SOME ACTIVISM URGED
On the other side, cable no longer has a manager in every town who golfs at the same country club or runs into local councilmen at the PTA meeting.
"Consolidation is weakening our advocacy," Mangers said bluntly.
Operating units of some companies, such as Time Warner Cable systems in Texas, have started programs to urge employees below the rank of system manager to become political contacts in their hometowns.
But Mangers and others don't see a groundswell of support for that kind of political activism. Many companies prefer the political message to come only from corporate, not from front-line employees who may not have access to background on industry issues.
That lack of grass-roots activism is a shame, according to Joe Camicia, vice president of government relations at Charter Communications Inc.'s Western Region.
"Nothing takes the place of face to face," he quipped. "It's a shame, but to a great extent, people in the business aren't interested in politics. But the more you can put your foot in the other camp, the better," he said. Camicia was in the "other camp" from 1987 to 1993, as a city council member in Alameda, Calif.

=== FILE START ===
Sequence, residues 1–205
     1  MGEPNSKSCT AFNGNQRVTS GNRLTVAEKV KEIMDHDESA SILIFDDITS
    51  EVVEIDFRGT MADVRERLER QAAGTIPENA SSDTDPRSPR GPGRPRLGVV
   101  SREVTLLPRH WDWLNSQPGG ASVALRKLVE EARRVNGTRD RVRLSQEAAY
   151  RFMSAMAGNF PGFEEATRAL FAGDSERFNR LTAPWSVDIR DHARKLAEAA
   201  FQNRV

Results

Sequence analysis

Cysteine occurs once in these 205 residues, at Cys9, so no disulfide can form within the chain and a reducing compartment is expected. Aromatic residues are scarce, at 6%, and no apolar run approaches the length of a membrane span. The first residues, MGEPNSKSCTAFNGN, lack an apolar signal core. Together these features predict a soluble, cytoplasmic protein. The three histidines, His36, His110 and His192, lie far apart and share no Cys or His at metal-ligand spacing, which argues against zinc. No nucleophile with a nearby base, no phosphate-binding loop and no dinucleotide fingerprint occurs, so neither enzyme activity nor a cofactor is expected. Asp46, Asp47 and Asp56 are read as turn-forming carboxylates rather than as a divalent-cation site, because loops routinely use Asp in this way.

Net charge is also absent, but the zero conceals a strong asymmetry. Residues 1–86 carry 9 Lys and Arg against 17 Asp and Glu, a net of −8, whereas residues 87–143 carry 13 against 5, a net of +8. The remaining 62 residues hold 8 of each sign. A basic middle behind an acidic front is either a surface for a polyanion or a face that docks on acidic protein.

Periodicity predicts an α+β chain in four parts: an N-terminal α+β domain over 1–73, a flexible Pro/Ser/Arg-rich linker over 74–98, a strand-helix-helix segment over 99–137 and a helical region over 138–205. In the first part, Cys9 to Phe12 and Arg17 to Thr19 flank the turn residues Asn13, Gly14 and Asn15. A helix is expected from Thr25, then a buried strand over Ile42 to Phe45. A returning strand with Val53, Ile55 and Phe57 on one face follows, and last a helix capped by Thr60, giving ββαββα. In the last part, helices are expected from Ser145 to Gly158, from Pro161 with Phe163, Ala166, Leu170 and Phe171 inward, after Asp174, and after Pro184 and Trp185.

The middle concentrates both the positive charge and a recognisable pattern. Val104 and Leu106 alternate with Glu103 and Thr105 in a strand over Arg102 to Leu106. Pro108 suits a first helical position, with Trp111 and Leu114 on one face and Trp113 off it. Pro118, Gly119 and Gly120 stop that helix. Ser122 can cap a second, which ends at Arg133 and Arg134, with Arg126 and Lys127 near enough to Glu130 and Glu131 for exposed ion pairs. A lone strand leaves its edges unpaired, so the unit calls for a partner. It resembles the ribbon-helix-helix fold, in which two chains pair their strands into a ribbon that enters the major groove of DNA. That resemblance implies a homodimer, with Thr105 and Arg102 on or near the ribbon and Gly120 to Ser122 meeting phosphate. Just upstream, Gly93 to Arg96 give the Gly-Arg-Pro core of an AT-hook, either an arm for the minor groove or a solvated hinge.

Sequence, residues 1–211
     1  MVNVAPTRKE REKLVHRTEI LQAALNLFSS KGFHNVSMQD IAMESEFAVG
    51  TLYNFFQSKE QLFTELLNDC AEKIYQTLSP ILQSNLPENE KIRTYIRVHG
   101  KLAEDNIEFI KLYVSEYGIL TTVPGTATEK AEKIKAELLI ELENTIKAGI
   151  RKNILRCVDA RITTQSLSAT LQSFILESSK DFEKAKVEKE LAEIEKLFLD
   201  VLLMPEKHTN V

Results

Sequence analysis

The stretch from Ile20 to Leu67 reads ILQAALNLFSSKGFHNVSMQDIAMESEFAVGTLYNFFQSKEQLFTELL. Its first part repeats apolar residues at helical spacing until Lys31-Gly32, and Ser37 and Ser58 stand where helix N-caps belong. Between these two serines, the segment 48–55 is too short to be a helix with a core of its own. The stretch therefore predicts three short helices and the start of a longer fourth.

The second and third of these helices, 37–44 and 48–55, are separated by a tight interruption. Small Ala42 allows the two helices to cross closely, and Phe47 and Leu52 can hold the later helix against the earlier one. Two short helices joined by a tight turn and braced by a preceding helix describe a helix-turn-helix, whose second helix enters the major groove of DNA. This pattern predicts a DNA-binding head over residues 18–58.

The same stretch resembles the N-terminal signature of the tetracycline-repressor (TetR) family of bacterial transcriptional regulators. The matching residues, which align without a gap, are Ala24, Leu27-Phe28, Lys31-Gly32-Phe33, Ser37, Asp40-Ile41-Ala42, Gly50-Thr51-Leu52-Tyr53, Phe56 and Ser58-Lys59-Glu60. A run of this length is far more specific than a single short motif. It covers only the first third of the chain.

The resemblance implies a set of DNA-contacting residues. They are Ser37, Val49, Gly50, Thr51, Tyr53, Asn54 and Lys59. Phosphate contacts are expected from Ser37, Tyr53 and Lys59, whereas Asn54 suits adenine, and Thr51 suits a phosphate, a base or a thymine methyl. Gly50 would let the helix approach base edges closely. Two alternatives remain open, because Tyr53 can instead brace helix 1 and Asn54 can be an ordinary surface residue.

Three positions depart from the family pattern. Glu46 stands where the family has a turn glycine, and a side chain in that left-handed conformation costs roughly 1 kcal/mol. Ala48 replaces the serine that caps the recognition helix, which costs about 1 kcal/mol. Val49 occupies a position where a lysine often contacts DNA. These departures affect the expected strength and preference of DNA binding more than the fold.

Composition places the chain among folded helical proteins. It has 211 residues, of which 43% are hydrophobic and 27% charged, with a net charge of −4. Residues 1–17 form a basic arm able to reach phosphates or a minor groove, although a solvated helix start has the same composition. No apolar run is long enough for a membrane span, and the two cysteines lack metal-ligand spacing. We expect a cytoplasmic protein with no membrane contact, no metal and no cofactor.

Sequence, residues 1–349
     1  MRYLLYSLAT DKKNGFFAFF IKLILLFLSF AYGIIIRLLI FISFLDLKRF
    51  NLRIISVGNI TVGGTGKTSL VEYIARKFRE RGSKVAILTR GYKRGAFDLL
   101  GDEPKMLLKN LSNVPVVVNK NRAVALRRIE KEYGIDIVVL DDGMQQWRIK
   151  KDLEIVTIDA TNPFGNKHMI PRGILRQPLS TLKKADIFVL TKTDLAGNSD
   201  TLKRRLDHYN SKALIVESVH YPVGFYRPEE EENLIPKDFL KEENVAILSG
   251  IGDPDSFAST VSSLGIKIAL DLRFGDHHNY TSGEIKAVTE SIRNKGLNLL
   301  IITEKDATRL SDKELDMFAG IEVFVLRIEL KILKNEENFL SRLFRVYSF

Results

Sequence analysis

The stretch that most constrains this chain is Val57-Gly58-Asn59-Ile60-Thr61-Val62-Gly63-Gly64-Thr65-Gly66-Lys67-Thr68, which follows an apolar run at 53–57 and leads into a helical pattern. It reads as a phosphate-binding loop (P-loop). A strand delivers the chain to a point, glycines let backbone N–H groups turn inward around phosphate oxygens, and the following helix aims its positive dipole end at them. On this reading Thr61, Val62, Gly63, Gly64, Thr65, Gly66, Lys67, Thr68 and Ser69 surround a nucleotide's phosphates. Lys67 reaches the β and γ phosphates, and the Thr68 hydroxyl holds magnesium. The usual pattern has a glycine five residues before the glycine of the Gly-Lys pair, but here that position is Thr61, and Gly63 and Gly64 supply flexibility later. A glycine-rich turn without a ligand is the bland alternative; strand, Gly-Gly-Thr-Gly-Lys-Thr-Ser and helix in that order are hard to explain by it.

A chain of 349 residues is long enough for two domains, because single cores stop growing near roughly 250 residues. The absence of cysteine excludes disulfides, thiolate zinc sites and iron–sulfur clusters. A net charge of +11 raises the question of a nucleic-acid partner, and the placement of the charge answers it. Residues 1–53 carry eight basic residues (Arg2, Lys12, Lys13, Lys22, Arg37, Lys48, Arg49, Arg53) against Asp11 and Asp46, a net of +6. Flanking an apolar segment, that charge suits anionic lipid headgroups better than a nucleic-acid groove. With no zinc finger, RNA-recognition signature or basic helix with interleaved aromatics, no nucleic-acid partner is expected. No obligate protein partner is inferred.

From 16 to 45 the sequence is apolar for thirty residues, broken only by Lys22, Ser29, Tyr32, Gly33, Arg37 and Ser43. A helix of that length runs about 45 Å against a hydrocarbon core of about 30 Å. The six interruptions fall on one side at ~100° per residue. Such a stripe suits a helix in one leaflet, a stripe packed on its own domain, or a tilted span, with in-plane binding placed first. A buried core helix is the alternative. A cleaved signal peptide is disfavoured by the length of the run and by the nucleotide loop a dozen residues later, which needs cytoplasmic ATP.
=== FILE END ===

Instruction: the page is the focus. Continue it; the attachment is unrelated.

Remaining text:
He offered an example of a small step toward political back scratching. When Charter took over in Glendale-Burbank, a government affairs worker aided in the campaign of a councilman. The cable rep volunteered one day to drive 25 miles in Los Angeles rush hour traffic to pick up the politico's campaign literature.
"That will make you friends for life," he joked.
But, he added more seriously, "If you've been on both sides, you realize those in business do anything they can to make a buck and those in government will do anything to save a buck." With knowledge of both sides, executives believe they have a better shot at satisfying each goal.
Since it is unlikely cable will return to the one city-one manager model, there have been some discussions within the National Cable & Telecommunications Association's ranks whether the industry should lobby for regional regulation. That fits cable's current business model better, some lobbyists believe.
But there has been no consensus yet on whether to take on cities, which one representative predicted will "scream their heads off" if the federal government dilutes their regulatory authority further.